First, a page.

Antigone (Sophie Deraspe, Canada) — Contemporary World Cinema

By Jaclyn Bruneau 

Sophie Deraspe has picked up Sophocles’ eponymous tragedy and hurled it headlong into the present. Our orphaned heroine (Nahéma Ricci) immigrated to Montréal (from a home country never stated, in what is, I suppose, an attempt to level all Canadian immigrant experiences) as a child, along with her grandmother Ménécée, sister Ismène, and brothers Étéocle and Polynice. The latter two, tangled up in gang activity, find themselves in a sudden altercation while playing jacks in a schoolyard. When Polynice is thrown to the ground by cops, Étéocle rushes toward him and is promptly shot, leading Polynice to allegedly assault an officer. 

When the kindly politician father (Paul Doucet) of Antigone’s long-haired crush (Antoine Desrochers) arrives at their small rental apartment to offer access to his lawyer friends—communicating the threat that Polynice, if charged, may be subject to extradition—Ménécée loses her shit. For some reason, this emotional outburst does not dovetail into deeper relations with the man offering help, but instead to a crackpot plan devised by Antigone and assisted by Ménécée to swap places with her brother during a visit to his pre-trial detention centre—a twist that serves the material’s melodramatic roots while simultaneously alluding to a sustained systemic critique.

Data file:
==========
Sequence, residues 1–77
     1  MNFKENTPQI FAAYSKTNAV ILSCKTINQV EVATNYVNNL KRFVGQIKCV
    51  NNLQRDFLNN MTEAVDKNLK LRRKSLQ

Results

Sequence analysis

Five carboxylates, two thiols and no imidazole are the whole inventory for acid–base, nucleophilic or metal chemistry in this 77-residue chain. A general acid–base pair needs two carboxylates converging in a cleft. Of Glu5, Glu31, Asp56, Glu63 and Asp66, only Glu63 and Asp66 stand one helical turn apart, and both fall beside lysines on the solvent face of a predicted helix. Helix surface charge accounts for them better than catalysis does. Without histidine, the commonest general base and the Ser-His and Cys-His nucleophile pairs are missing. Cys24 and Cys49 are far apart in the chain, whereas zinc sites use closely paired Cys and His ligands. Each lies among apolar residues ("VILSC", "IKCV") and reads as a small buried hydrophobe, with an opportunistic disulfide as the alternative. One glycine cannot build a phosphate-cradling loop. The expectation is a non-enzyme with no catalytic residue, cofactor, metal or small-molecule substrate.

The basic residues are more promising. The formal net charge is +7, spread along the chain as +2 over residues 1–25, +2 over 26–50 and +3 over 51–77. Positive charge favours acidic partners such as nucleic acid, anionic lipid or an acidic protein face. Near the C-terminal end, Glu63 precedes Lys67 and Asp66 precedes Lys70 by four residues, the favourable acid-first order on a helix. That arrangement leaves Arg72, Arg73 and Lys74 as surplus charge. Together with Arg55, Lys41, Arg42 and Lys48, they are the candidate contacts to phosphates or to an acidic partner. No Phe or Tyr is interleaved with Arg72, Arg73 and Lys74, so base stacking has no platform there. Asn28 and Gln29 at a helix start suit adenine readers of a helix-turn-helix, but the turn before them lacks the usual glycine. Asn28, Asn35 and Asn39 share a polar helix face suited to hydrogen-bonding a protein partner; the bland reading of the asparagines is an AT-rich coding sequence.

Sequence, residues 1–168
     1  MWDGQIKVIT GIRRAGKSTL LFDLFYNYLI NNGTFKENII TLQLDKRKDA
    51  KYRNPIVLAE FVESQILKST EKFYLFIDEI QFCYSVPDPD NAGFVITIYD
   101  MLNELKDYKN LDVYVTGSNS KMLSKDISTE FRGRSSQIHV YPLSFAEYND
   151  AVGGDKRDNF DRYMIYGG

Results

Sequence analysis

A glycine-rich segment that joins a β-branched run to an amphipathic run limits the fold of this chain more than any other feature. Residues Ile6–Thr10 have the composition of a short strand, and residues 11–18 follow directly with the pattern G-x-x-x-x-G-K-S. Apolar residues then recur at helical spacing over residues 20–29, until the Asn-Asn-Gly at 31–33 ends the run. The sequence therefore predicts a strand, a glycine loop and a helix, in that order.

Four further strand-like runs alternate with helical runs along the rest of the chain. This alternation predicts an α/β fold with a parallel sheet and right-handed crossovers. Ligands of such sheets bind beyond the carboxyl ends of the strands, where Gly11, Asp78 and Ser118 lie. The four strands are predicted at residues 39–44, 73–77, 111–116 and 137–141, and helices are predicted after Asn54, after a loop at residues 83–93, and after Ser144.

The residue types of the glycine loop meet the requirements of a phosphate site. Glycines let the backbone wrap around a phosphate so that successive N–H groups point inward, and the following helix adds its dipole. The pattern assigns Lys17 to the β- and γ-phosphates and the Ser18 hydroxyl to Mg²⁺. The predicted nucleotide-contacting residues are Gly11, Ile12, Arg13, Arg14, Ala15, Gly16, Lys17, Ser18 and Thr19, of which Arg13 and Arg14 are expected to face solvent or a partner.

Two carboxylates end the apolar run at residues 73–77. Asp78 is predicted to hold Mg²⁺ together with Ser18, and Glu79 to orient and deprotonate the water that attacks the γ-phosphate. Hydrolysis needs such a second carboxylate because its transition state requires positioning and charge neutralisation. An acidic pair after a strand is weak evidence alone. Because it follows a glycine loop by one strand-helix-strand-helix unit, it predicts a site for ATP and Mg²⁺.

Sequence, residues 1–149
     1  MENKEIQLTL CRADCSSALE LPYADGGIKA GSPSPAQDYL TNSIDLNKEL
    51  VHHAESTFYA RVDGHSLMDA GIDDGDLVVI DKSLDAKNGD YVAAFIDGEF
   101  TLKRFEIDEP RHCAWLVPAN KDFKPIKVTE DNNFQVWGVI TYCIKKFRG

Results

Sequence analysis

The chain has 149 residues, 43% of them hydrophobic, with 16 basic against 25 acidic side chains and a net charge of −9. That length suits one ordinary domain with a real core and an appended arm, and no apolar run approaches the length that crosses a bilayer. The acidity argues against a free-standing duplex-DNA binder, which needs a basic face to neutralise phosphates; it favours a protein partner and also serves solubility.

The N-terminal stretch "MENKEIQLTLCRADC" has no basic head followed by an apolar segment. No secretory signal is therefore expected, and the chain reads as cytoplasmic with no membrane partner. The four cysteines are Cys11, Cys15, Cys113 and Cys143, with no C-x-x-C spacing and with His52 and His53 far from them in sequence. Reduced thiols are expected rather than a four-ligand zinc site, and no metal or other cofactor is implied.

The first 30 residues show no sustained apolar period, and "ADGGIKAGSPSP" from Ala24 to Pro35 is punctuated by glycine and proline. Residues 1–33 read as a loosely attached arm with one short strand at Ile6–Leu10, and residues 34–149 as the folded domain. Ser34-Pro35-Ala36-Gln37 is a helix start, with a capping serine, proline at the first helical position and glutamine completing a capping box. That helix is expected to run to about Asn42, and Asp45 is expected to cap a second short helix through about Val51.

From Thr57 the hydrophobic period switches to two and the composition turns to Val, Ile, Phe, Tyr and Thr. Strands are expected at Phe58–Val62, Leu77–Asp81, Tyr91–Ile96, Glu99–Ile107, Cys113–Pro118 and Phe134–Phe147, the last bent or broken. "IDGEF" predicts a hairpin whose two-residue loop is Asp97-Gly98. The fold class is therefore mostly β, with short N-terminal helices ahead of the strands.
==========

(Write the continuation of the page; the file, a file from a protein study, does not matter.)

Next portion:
At its most moving, Antigone is a display of fortitudinous family loyalty, resilience in the face of bureaucratic alienation, and impressive teenage sagacity. (Though admittedly, the numerous close-ups of Ricci’s face quickly begin to feel heavy-handed—we get it, she’s beautiful, smart, and self-sacrificing!) However, at several points, the cinematographic world is ruptured by what seems like amateurishly composed hip-hop music videos or call-to-action campaigns, replete with super-fast cuts and blobby, inane linework scrawled over the images, which feels like a contrived attempt at hipness. While rigorously attuned to today’s political landscape in many ways, the film also indulges the ubiquity of sensationalist news, plain-faced social justice warriorism, and internet infamy in ways that give a seemingly unintended shrillness to its intended effect.

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